As select movie studios are experimenting with bypassing theatrical releases in the wake of COVID-19, people at home are left with a new decision: Is this worth it?
The movies that have found the most success in VOD thus far have been been family fare like “Trolls World Tour” and the recent Scooby-Doo animated movie “Scoob!”
And a $20 rental actually makes a lot of sense for a family, especially when the kiddos can watch it a few times in the rental window.
Focus Features’ “The High Note” will be a test of whether that same price tag is worth it for a stay-at-home date night. It’s a music-industry rom-com that boasts some really good performances but can never quite settle on what it wants to be.
Dakota Johnson plays Maggie, a personal assistant to superstar singer Grace Davis (Tracee Ellis Ross, daughter of Diana Ross). Grace remains a star for the hits of her earlier career, but her handlers in the music biz (including her manager, played by Ice Cube) are pushing her toward cashing in on her past rather than forging new music.Get movie reviews delivered to your inbox every Friday: Sign up for our daily newsletter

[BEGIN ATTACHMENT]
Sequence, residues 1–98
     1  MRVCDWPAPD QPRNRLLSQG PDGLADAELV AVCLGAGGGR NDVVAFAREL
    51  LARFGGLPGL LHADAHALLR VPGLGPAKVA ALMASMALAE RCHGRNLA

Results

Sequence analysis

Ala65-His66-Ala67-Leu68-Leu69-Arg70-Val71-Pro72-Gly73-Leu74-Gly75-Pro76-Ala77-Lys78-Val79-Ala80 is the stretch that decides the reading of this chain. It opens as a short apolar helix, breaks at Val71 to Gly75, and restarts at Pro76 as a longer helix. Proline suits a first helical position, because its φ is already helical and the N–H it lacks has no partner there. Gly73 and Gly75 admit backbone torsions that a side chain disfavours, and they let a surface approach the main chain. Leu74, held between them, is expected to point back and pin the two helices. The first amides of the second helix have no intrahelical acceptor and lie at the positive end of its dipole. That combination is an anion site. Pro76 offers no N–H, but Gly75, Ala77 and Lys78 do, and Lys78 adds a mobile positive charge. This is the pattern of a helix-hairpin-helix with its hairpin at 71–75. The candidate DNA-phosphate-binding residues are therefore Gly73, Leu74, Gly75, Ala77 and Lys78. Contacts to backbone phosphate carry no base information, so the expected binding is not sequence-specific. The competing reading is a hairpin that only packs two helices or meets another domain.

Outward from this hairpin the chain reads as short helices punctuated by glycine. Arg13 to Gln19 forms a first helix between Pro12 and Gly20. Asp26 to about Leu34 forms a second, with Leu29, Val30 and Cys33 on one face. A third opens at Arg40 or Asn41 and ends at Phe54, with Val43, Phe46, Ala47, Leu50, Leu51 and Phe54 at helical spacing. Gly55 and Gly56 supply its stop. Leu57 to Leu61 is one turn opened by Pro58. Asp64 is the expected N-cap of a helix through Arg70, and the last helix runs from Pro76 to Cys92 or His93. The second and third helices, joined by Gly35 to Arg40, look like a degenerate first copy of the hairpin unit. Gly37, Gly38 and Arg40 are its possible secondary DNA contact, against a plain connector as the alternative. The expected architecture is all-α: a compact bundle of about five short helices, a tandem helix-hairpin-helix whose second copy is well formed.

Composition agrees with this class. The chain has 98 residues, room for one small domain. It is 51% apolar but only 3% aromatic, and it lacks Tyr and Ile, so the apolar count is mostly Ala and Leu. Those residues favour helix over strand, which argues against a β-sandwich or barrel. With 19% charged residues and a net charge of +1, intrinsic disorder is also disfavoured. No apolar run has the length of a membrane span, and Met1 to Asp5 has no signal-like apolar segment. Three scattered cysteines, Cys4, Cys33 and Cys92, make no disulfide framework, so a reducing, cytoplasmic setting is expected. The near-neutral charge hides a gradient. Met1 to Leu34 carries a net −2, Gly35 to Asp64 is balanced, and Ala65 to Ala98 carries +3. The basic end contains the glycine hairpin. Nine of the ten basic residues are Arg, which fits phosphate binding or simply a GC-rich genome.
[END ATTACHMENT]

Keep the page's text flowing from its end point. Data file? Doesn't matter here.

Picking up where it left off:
But Maggie also aspires to do more than pick up lattes. She dreams of being a music producer and believes in Grace. Grace, meanwhile, notes that her position as a black, female singer in her 40s leaves her facing realities of sexism, racism and ageism.
Director Nisha Ganatra and screenwriter Flora Greeson (drawing from her own experience in the music industry) make a well-meaning movie that's a passable distraction but suffers from being a bit all-over-the-map.
At times it’s a bit “The Devil Wears Prada,” but Ross is far too likable to come off as an overbearing boss.
Johnson makes Maggie a quintessential example of “fake it till you make it” in an industry too entrenched to give anyone a chance they don’t create themselves. And an aspiring singer and eventual love interest (Kelvin Harrison Jr.) adds another charming performance while also creating a side love story that lacks focus.
“The High Note” also doesn’t quite come through as a takedown of the music industry, although it does get some of its biggest laughs from the smarmy hangers-on that make money from it.
It is certainly sweet enough and has its heart in the right place, but is only worth the price if the subject matter interests you and your need for distraction is high.
I might suggest that this week, in particular, we don’t need distraction. We need focus. Might I suggest Ava DuVernay’s “13th” on Netflix? That’s what every American needs to watch.